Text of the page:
To our Muslim brothers and sisters – kei te heke ngā roimata, kei te ngākau pōuri au, ka aroha ki a koutou. I am so sorry this happened to you here. You should have been safe here, you should be safe everywhere. My heart is so heavy.

Ringatoi/Artist: Adrien Tavite

(via his instagram)

And this time no music, but to close off, A poem by Warsan Shire: What They Did Yesterday Afternoon:

what they did yesterday afternoon

by warsan shire

grief-reactionthey set my aunts house on fire
i cried the way women on tv do
folding at the middle
like a five pound note.
i called the boy who use to love me
tried to ‘okay’ my voice
i said hello
he said warsan, what’s wrong, what’s happened?

i’ve been praying,
and these are what my prayers look like;
dear god
i come from two countries
one is thirsty
the other is on fire
both need water.

later that night
i held an atlas in my lap
ran my fingers across the whole world
and whispered
where does it hurt?

it answered


(More from warshan shire in the New Yorker and on her blog.)

Brexit Revisited v2

Because clicking on one thing inevitably leads to another, here’s a companion piece to Charly’s youtube video.

I understand that Brexit can be the source of all kinds of negative emotions – frustration, anger, betrayal, confusion, etc., and for this reason, a nice round of relaxation with yoga might be in order:

To be quite honest, it’s supposed to be funny, but at this point, I’m far more ready to cry. Or laugh-cry, at the very least. Deep breaths, I suppose.

Here’s some more meditative music:


I will have more Canyon Matka and also posts from the aqueduct, but I am travelling tomorrow and Sunday so please have these ducks enjoying a sunlit evening by the Vardar in the meantime.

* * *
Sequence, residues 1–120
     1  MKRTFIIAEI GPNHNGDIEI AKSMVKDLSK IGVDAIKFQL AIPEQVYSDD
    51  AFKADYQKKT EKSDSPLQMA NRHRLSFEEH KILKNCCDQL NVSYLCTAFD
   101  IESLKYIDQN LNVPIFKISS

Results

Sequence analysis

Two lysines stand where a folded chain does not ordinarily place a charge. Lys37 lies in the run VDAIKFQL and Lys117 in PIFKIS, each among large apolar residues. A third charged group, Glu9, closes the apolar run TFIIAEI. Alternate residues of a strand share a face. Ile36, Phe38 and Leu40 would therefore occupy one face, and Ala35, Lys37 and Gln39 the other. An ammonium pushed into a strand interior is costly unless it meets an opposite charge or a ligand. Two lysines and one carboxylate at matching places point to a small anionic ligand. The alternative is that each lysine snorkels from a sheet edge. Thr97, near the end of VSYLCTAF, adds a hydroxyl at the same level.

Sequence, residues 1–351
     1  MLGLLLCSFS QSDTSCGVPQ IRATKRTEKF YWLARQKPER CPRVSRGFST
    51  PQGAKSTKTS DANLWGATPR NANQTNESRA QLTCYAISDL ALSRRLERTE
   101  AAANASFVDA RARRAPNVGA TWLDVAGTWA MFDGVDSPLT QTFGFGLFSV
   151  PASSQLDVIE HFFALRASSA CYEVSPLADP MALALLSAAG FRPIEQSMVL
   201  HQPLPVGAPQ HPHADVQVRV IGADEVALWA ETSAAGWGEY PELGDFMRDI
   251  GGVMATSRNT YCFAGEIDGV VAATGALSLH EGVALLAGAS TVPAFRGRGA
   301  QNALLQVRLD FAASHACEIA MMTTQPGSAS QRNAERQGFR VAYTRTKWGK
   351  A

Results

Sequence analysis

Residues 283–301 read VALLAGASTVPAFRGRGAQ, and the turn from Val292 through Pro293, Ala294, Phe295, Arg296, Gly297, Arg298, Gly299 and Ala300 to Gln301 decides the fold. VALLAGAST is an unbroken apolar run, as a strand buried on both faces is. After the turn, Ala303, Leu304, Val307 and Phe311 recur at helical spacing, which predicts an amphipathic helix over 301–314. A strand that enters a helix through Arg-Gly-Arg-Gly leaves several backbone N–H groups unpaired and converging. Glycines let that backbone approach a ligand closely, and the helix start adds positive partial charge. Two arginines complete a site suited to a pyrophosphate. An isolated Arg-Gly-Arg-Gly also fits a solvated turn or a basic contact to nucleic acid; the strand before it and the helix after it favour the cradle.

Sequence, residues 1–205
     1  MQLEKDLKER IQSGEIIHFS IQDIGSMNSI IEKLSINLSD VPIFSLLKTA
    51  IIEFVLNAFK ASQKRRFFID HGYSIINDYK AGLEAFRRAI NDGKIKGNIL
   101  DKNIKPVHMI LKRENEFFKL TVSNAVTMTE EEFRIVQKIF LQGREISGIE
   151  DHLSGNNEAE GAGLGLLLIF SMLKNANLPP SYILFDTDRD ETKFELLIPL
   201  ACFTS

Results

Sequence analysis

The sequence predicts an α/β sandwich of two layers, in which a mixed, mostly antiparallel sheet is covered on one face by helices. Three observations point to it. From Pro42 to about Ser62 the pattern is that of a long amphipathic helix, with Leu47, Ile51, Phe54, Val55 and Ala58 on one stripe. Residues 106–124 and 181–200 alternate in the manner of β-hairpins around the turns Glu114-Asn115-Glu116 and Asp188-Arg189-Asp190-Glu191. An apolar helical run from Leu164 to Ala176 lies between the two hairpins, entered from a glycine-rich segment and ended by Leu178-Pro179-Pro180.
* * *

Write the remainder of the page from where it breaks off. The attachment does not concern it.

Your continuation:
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Happy International Women’s Day.

Canyon Matka – Part 4: Botanicals!

Amongst all the rock and all the river, I found some rather delightful and charming botanical residents – it is the first day of March, so Spring is still making its slow entrance, but the first small spots of colour are appearing. If anyone would like to ID any of these plants, I’d be most grateful, because I seem to be short on time.

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Today’s song doesn’t have much to do about plants but focuses on the wandering aspect of enjoying strange places, new countries, and magnificent natural locations.

Canyon Matka – Part 3: Underwater Worlds

I promised the colour of the water, so here we are: underwater worlds sunk between the mountains.

The water was a deep green colour and strangely clear, at least near the shoreline.

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But the shapes that one could see underneath – mermaid cities and submerged civilisations and much, much more. I think Nessie even shows up at one point… Please enjoy!

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Canyon Matka – Part 1v2: Pathways cont’d

Here are some more pictures of the walk back from the caves, I don’t think any particular commentary is necessary, just enjoy. Although these are more demonstrative of the treachery inherent to any wild and untamed place that feels the heavy hand of human civilisation: rebellion lies not far beneath the surface.

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In some places, the railing was completely absent. From the pale scratches on the rock below, it was deduced that this was relatively recent damage… So the walk continued with frequent glances upslope! ©rq, all rights reserved.